Exhibition Hong Kong “Millennial Vintage”

“I want to shift the invalidating perception of photography we are experiencing today- largely due to the influx of smartphones and the culture of social media.”

 

Is there anything that you would want to change in the photography and art scene? 

I don’t think much about “if only/there should be” ideas because I prefer to accept the reality and take it from there. The change I set myself out to bring, as much as I can, is to shift the invalidating perception of photography we are experiencing today- largely due to the influx of smartphones and the culture of social media.

How much time are you spending on social media except for work?

Work already takes up so many hours a day on social media that I am trying to limit the off-duty time to 1h.

 

image by Nicoline Aaagesen – artist of creative agency Artizians

 

You grew up in Budapest. I think it is definitely one of the most beautiful cities here in Europe. The art scene got a real boost over there too. How often are you visiting your home-town and would you like to move back there one day?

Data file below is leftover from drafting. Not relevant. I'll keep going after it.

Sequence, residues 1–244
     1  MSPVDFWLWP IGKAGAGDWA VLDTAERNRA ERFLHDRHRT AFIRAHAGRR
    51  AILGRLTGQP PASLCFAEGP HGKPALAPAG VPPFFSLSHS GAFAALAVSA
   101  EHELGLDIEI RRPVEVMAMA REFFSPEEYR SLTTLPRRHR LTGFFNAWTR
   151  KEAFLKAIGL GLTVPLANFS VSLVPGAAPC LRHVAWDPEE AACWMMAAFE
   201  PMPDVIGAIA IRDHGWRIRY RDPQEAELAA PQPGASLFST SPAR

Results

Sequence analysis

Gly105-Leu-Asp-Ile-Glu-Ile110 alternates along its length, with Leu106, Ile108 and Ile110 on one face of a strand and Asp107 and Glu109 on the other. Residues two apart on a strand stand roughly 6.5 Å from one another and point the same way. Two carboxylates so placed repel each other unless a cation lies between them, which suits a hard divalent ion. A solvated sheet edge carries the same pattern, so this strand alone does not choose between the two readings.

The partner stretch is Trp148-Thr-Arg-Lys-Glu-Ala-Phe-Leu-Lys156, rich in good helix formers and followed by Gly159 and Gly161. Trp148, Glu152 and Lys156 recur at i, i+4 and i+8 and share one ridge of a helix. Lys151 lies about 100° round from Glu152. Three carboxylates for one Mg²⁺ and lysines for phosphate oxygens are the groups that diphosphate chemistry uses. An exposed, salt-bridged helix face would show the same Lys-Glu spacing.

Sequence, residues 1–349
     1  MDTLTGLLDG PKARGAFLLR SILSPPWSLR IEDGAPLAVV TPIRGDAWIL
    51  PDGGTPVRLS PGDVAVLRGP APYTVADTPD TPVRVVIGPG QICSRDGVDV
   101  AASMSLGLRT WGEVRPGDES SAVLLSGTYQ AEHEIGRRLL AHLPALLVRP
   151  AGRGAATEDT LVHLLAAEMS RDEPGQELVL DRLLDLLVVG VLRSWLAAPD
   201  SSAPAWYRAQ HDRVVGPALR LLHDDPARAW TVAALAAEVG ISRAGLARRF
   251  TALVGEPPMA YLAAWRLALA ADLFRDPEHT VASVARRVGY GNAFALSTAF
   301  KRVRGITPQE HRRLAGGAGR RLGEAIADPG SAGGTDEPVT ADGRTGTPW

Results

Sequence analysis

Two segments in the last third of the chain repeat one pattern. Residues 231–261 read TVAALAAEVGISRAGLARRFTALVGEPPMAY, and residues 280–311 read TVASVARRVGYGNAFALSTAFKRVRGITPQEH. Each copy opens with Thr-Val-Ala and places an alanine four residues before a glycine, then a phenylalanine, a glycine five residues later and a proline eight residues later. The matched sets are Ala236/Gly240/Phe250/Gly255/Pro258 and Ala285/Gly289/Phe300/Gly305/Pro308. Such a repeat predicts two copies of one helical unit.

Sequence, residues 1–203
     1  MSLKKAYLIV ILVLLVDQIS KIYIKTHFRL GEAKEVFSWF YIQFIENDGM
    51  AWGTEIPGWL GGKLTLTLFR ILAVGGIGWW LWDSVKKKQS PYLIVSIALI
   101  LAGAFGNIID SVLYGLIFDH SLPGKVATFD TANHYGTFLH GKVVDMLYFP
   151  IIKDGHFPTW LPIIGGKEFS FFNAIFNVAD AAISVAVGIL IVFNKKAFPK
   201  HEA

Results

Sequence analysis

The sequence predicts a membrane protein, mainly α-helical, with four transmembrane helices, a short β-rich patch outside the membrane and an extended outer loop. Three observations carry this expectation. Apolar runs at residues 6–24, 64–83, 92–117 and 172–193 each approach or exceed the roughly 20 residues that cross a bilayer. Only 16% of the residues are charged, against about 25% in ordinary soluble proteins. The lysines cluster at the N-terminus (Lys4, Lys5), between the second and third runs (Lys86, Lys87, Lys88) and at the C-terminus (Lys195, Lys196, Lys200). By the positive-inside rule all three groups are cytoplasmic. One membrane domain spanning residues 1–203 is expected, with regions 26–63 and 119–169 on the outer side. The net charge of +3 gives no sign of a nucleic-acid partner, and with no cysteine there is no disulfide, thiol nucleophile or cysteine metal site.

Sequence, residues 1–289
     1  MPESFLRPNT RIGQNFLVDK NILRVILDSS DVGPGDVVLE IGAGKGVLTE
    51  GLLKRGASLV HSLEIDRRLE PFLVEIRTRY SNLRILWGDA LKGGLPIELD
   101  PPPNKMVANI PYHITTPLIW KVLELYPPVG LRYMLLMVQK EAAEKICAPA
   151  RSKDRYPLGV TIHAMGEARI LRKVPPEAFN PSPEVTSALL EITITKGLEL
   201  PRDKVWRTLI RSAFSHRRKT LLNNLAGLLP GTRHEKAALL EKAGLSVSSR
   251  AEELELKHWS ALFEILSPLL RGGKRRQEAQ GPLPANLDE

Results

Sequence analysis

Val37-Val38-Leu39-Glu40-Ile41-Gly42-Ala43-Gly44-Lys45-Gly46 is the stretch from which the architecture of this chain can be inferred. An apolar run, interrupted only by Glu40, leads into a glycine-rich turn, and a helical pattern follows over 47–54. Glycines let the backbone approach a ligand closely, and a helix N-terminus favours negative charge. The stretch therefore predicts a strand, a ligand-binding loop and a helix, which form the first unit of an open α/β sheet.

I agree, it’s one the most beautiful and romantic cities in Europe. Growing up there definitely had a big influence on my artistic “eye” and sensitivity to beauty. I am there relatively often, I have one of my residences there. As of today I haven’t thought about moving back full time but I will always want to have a base in Budapest.

What´s coming next for you in terms of projects, curations?

This August there is an exhibition of the Artizians artists in Copenhagen I am curating, then just before the Photo Paris Art Fair I’ll be organizing and curating a group show in Paris. I can’t tell more quite yet about the other projects I’m working on (smiles)

 

 

image by Mherck dela Cruz – artist of creative agency Artizians

 

 

The best life lesson so far…

Anything that costs my inner-peace is too expensive.

Art has to…

Art and love are free from “have to”s. For me anyway.

A question we should have asked you? And your answer to it? 

What do I consider the highest form of art? Self mastery; to make our lives a work of art, a masterpiece.

www.instagram.com/tiziana_des_pallieres
www.instagram.com/artizians
www.artiziansmagazine.com

 

Tiziana des Pallieres shot by Andrei Topli on film